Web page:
Book review: Joe DiMaggio The Long Vigil

“Joe DiMaggio: The Long Vigil” by Jerome Charyn paints a picture of what Joe D was like as a person on and off the field. If you’ve never read a biography about “The Daig,” you should really check this book out. It portrays The Clipper in a whole new light — as an uneducated, stingy recluse/hermit who rarely talked to his teammates and could hold a grudge like no other. Very interesting stuff this book is.

Hank Greenberg:

If he said hello to you, that was a long conversation.

I guess I know Joe for almost 40 years now. We’ve played hundreds of games against each other. I’ve talked to him hundreds of times at banquets…In a way, though, I guess I don’t really know him. I don’t know if anybody knows Joe DiMaggio.

Regardless of what your dad or grandfather tells you, Joe D was far from a saint. He may have been one of the greatest players of all time, but he was far from the greatest off the field. Charyn even draws comparisons between No. 5 and Alex Rodriguez.

The book describes the Clipper’s life as a young boy — the son of Italian immigrants — in San Francisco to his later life as a retired ball player who is forced to be the spokesman for Mr. Coffee, and everything in between. It goes into great detail about his tumultuous marriage with Marilyn Monroe as well as his tumultuouser first marriage to Dorothy Arnold, in addition to his life as a tortured ballplayer.

The book also recalls how DiMaggio wouldn’t give Mickey Mantle the time of day when he arrived with the Yankees in 1951. The two never had any sort of relationship, as DiMaggio felt the Mick was usurping his spot in center.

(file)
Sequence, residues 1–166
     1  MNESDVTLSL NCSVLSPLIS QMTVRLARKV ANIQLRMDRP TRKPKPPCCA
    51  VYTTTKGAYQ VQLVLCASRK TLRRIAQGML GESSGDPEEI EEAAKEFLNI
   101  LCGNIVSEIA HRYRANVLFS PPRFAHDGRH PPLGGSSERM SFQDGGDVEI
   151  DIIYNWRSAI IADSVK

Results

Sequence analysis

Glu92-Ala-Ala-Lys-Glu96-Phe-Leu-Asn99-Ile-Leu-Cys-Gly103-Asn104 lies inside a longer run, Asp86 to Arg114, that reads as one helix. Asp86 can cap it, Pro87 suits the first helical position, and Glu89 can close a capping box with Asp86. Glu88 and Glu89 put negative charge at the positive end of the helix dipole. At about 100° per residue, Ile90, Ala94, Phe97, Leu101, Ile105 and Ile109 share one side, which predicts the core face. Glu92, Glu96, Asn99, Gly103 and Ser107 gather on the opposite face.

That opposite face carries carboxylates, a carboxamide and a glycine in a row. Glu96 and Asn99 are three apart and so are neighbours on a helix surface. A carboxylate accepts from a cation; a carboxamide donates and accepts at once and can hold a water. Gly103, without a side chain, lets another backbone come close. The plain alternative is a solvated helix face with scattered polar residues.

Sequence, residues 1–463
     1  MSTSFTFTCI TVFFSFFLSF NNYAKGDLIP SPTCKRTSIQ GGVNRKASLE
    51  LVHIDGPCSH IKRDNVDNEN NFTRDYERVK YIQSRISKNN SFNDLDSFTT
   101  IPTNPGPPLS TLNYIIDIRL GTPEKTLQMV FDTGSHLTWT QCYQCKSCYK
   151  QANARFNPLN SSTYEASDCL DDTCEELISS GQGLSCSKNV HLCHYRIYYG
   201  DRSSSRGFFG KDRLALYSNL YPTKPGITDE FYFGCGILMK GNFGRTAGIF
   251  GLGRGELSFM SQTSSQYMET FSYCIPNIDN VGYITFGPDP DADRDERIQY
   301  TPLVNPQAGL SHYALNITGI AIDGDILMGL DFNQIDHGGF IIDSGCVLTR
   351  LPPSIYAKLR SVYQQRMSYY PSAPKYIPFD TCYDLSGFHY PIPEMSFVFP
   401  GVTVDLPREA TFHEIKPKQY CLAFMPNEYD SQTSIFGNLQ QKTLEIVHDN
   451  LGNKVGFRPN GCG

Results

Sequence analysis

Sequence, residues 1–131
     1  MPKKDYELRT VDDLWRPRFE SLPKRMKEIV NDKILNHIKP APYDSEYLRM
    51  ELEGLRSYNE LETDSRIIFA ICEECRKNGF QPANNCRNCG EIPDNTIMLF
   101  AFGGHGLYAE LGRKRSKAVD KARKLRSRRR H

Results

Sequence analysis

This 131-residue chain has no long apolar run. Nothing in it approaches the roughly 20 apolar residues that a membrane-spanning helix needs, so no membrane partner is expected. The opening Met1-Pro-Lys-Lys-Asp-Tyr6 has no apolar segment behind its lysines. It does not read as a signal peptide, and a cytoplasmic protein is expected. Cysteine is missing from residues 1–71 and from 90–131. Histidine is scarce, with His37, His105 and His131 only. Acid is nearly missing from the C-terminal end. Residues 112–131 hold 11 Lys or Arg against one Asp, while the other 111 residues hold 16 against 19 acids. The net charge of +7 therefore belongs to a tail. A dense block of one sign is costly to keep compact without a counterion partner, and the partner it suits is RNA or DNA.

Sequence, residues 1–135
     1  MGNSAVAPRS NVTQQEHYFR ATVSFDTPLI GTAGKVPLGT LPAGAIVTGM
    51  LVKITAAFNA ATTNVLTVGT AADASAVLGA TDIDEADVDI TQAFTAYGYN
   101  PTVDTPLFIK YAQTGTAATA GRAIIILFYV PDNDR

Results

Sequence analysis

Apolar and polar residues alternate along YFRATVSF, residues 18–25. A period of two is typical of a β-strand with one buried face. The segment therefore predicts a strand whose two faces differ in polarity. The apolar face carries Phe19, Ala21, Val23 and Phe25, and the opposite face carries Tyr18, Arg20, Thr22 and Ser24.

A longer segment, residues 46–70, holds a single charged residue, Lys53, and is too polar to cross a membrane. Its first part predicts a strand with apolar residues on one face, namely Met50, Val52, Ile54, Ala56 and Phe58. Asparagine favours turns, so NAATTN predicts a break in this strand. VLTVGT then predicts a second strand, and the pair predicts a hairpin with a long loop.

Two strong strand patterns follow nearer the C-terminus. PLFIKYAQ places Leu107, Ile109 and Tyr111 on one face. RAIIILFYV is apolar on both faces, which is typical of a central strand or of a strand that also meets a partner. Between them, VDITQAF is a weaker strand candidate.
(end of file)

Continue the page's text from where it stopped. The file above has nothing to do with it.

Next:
Charyn also reveals that Joe was very reluctant to enlist in the Army, and only did so “after much brooding.”

Other interesting facts and tid-bits from the book:

  • Arthur Miller was a Communist.
  • Marilyn Monroe cheated on DiMaggio with Frank Sinatra, who beat her and had ties to the mafia.
  • During Mickey Mantle Day in 1965 — three years after Marilyn Monroe died — Joe D was present on the field at Yankee Stadium. Robert Kennedy was also there and shook hands with “every Yankee he could find.” However, when he approached the Yankee Clipper, Bobby got the “Sicilian Stare” because Joe D blamed the Kennedys for killing Marilyn Monroe. Like any good Italian, the guy could hold a grudge.
  • For 20 years after Marilyn’s death, Joe D had a half-dozen red roses sent to her crypt three times a week.
  • Joe D said of Ted Williams, The Kid “throws like a broad and runs like a ruptured duck.”

Whether you’re a Yankee fan or not, but especially if you’re a baseball fan, I implore you to read this book. You will not be disappointed, I promise.

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